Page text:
“We are leaving for another world,” remarked Captain Gary Lange as we slid away from the marina dock and headed down the mighty Nipigon River for Lake Superior.
Four of us were aboard the 47-foot trawler, Anica Lee—Lange, his friends Karlo Kaustinen and Chesley Imhoff, and myself. Lange described Karlo as “the only person other than my daughters who can operate my boats.” Imhoff, known as “Ches,” has roamed the island-studded waters of Lake Superior’s Canadian North Shore since the 1950s. This is well before the era of cheap flights and the influx of visitors during the summer months. He knows these waters like the back of his hand. He knows each island that dots the scenery.
We were headed for Lange’s camp on Bowman Island, 24 miles away. With the Anica Lee traveling at seven knots, it took us four hours to get there–going down the Nipigon River, 12 miles across Superior’s Nipigon Bay, then through the Nipigon Straits and tricky Blind Channel to the outer side of massive St. Ignace Island, where Bowman Island lies amidst a cluster of small islands and shallow shoals.
Lange started coming out here 48 years ago as a young teenager with a 14-foot boat and an 18-horse outboard. Twenty-five years ago he purchased land on Bowman Island, constructed a small concrete dock on a sheltered beach and began building a camp. Today, at one of the most remote places on Lake Superior, he has a spacious, solar-powered lodge that is his home-away-from-home from ice-out until freeze-up. Lange’s Bowman Island Charters (www.BowmanIslandCharters.com) is one of just two commercial operations on the waters off St. Ignace Island and the Black Bay Peninsula.
This is the best place on Lake Superior to fish for what Canadians simply call “specks,” also known as coaster brook trout. These out-sized char, now rare elsewhere in the lake, are world famous. From the 1800s through the 1950s, avid anglers, including dignitaries like the Prince of Wales, made pilgrimages to Nipigon to catch brook trout. The world record brook trout, weighing 14.5 pounds, was landed in the Nipigon River in 1915.
For a host of reasons, brook trout numbers dwindled in the 1960s. A recovery effort begun in the 1990s is now paying dividends. Lange says the fishing for coasters is better than it has ever been in his lifetime. With a bag limit of one brook trout at least 22 inches long, this is essentially a catch-and-release fishery.
Keepers exist—anglers at Lange’s camp caught (and released) more than a half-dozen of them in May and June—but the average specks are 17 to 20 inches long and weigh two to four pounds.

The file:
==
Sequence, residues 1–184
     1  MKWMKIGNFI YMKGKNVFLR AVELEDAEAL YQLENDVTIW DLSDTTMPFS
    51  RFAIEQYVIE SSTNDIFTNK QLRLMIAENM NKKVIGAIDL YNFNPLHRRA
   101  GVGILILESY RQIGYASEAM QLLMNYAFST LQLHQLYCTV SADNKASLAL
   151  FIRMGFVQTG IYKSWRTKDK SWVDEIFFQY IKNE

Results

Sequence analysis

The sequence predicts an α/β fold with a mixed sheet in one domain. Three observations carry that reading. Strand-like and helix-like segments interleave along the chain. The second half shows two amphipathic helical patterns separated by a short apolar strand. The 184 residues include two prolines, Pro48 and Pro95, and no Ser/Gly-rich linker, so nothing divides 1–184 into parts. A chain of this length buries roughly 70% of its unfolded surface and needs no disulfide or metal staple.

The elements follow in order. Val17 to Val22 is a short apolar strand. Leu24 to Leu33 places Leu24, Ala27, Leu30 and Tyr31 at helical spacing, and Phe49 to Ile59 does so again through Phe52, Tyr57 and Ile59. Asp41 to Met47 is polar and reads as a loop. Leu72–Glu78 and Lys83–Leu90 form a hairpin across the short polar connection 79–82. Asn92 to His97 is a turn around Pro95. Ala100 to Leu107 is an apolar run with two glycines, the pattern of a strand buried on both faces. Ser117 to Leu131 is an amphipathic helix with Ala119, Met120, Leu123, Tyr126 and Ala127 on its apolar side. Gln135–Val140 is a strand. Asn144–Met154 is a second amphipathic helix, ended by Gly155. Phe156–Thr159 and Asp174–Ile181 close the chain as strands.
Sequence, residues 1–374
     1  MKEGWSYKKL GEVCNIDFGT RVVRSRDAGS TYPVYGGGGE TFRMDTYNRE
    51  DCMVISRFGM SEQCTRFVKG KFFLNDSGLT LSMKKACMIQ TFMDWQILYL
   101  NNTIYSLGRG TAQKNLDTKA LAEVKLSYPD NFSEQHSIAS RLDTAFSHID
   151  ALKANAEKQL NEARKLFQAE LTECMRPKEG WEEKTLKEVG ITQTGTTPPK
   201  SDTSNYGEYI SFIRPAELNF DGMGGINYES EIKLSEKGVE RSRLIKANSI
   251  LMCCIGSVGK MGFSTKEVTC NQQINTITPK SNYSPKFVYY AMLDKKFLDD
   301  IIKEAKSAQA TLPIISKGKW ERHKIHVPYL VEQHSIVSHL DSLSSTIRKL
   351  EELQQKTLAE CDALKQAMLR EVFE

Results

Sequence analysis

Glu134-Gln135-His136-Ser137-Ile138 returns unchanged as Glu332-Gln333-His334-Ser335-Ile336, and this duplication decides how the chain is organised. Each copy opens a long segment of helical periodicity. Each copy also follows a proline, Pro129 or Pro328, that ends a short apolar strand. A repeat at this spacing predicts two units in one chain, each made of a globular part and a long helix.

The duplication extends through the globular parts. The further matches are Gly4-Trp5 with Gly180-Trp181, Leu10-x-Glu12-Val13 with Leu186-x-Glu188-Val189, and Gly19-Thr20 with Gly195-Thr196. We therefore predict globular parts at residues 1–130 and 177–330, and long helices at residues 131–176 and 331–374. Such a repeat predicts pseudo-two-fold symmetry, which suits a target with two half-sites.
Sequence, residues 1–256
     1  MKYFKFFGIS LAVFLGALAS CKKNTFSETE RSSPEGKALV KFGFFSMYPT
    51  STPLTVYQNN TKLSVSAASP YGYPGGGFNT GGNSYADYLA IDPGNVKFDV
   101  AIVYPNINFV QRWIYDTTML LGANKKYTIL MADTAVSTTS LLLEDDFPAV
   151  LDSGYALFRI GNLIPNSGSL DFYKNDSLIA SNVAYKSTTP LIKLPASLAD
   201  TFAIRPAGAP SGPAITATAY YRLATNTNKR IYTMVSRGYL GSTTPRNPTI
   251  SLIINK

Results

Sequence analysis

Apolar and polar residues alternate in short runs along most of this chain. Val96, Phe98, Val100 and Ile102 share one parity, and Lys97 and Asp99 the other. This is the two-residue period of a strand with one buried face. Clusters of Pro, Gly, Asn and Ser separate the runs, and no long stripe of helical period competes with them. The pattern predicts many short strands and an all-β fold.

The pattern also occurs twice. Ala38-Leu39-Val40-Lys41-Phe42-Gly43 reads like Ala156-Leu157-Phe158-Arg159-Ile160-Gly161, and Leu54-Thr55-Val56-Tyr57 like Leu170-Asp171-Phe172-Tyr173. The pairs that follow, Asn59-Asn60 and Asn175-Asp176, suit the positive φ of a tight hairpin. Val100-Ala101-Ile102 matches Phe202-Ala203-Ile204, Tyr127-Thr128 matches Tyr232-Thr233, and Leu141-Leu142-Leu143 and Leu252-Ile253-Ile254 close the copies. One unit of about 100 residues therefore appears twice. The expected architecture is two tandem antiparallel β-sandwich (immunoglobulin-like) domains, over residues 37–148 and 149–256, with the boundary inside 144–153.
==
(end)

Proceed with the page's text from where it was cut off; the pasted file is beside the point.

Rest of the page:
During my stay, we caught coaster brook trout and steelhead by casting small spoons, spinners, and flies near the mouths of rain-swollen creeks along the St. Ignace shoreline. The water coming out of the creeks was a few degrees warmer than the frigid lake, thus attracting hungry trout. Karlo and Ches successfully trolled for lake trout along shallow shoals.
Kayaks, Comfort, and History
Lange is expanding his business to include kayakers and folks who want to experience the wild islands while enjoying his comfortable camp. In addition to the Anica Lee, Lange operates a faster 30-foot water taxi. Kayakers can arrange for drop-offs and pick-ups at various locations. They can also stay at the lodge and make paddling day trips. Hiking and beach-walking are available on St. Ignace Island.
“The lodge is a great place for older kayakers and adventurers who want to explore this place, but don’t want to rough it,” says Lange. “I am working with Quebec Lodge B&B in Red Rock to provide accommodations before and after a trip to Bowman Island.”
Within a short distance (by water) from the lodge are historical sites. Ancient beach terraces on Bowman Island contain Pukaskwa Pits dug by prehistoric peoples. Near an old commercial fishing camp on the south side of Bowman Island is the grave of Thomas Lamphier, a lighthouse keeper on nearby Talbot Island who died in 1869. Lamphier and his wife were spending the winter at the remote lighthouse when he died suddenly. Unable to bury him on the rocky island, his wife wrapped the frozen body in canvas and stored it in a rocky crevasse. In the spring, she flagged down a passing boat and the occupants helped her bring the body to Bowman Island and bury it. Lamphier was one of three lightkeepers who died while tending the Talbot Island light, leading the Canadian government to close it.
For More Information
You can visit the website at:
www.BowmanIslandCharters.com. If you have questions about visiting Bowman Island, you can call Gary Lange at (807) 886-2504.